Justin Rose landed in Philadelphia after flying from his family home in Orlando on Tuesday afternoon, with high hopes of landing the first major of his 15 year professional career.
This week’s host, the East Course at Merion Golf Club celebrated its centenary last year and is hosting it’s fifth U.S. Open. Characterised by narrow fairways, deep rough and distinct red wicker baskets in place of flags, it promises a stern test, despite wet conditions and further heavy rain forecast on Thursday.
Rose’s comments are those of a player confident about his game and with the challenge presented by Merion this week. He told the Daily Telegraph; “I’m No. 1 in total driving this year and they always say that is crucial at the US Open.”
Not only is total driving, a combination of distance and accuracy, important at Merion but so is accuracy with the longer irons, particularly with three of the four par 3 holes measuring over 236 yards. Rose ranks 5th in the PGA Tour on accuracy of approaches from between 225 yards and 250 yards.
Of equal importance this week will be player’s proficiency with the wedges. Assuming players hit the fairway, there will be plenty of short, precise approach shots needed. Rose ranks 2nd in approaches from 50-125 yards on the PGA Tour, averaging 14ft 3 inches from the hole on each of those shots.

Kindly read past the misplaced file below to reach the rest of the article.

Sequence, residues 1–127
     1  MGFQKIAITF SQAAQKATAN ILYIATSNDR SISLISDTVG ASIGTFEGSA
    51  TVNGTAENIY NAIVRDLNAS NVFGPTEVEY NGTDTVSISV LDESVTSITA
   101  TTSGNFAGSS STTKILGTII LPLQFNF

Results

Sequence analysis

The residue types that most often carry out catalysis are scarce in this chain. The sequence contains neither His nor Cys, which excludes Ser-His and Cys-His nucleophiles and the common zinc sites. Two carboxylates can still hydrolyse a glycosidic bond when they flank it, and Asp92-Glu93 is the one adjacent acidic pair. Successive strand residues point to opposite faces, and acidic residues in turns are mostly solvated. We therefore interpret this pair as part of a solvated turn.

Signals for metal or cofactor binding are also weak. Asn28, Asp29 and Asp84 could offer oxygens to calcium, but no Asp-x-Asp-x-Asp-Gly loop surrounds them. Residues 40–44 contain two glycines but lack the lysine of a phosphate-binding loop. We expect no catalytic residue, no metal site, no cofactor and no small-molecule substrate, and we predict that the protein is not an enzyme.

On the course itself, Rose says; “I like Merion; it reminds me of Walton Heath, Sunningdale, those sort of English courses. So it should suit me.”
This piece of recognition by Rose is no coincidence; the designer of the East Course was a Scottish immigrant and member of the club named Hugh Wilson, who, having never designed a golf course before, undertook a seven month trip of England and Scotland to examine British courses.
Rose’s form this season has been strong, without being spectacular - this can be attributed to his putting.
The PGA Tour’s mysterious statistic “strokes gained – putting”, a measurement that establishes a statistical baseline per hole and then determines whether a player lost or gained a stroke on that hole versus the rest of the field, ranks Rose 156th out of 183 players. However, the slower rain-soaked greens of Merion are likely to help his putting and allow for a more aggressive style.
With the forecast at Merion set to be very much English in kind, damp with heavy rain showers, even the weather looks to be in the Englishman’s favour, don’t be surprised if you see Justin Rose and Tiger Woods in the final group on Sunday, or Monday given the forecast, with Rose prevailing to lift his first major title at the age of 32.